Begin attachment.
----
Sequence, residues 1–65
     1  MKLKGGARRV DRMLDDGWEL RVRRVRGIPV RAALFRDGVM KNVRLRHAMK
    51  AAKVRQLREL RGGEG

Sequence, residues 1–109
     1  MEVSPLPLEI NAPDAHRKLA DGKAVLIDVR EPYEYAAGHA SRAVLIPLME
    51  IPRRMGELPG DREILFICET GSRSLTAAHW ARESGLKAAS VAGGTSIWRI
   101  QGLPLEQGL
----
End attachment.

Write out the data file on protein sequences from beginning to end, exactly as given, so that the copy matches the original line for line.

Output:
Sequence, residues 1–65
     1  MKLKGGARRV DRMLDDGWEL RVRRVRGIPV RAALFRDGVM KNVRLRHAMK
    51  AAKVRQLREL RGGEG

Sequence, residues 1–109
     1  MEVSPLPLEI NAPDAHRKLA DGKAVLIDVR EPYEYAAGHA SRAVLIPLME
    51  IPRRMGELPG DREILFICET GSRSLTAAHW ARESGLKAAS VAGGTSIWRI
   101  QGLPLEQGL